During a summer of discontent about 20 ago, I cut lawns to survive. Actually, that was the job of Gary, Rick and Tony. I was more the Wench of Weed Whacking, the Pope of Pulling Poison Ivy. Every morning at 5:30, I'd drag my aching bones out of bed, look out the window and pray for rain. Rain meant no work and more sleep. Rain also meant no money and thicker lawns. I couldn't win.
We never cut tiny postage-stamp lawns. Oh no, these were the lawns of the wealthy. You could smell the money and the fertilizer. On one particularly hot and steamy afternoon, we pulled up to an estate with a lawn the size of Rhode Island. Every week we came here. I turned to my good friend Tony and rather sullenly asked, "Do people really need lawns this big?" The lawn was gorgeous, green and lush. I vowed never, ever to have a lawn that size. I kept that promise -- until last year.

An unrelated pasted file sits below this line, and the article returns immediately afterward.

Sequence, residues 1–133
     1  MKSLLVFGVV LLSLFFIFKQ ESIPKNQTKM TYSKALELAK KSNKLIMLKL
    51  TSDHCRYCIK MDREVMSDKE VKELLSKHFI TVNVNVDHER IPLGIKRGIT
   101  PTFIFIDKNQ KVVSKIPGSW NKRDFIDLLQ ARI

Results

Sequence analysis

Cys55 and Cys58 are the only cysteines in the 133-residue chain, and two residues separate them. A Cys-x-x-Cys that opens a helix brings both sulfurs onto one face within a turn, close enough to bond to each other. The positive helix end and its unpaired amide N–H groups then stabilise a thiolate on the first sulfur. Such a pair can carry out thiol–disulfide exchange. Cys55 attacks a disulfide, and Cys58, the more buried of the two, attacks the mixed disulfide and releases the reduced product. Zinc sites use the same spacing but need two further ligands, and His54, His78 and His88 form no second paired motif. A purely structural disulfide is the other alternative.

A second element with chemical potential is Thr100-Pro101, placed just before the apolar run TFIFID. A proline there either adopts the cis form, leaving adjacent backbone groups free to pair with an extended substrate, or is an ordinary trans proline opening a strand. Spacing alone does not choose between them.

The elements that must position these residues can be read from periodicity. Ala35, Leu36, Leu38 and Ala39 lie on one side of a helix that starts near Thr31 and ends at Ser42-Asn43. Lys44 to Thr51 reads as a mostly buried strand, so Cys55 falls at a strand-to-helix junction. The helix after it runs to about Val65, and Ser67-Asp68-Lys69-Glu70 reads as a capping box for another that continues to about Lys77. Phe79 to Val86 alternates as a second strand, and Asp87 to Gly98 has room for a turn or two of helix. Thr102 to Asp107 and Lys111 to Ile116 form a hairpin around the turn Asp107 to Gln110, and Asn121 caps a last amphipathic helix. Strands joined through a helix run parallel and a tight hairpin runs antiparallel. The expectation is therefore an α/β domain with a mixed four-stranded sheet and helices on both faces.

My New England property was once studded with hemlocks, maples, ashes and something I call the "bean tree." Over the years and the storms, trees tumbled and branches fell like World War II buzz bombs. Now I have nearly 2 acres (0.8 hectare) of, um, lawn. I cut it myself with a tiny 24-inch (61-centimeter) mower (I'm not the brightest spark plug on the engine). Over the years, which included the heady days of working with Gary, Rick and Tony, I learned a few things you should never do to a lawn. Here are 10.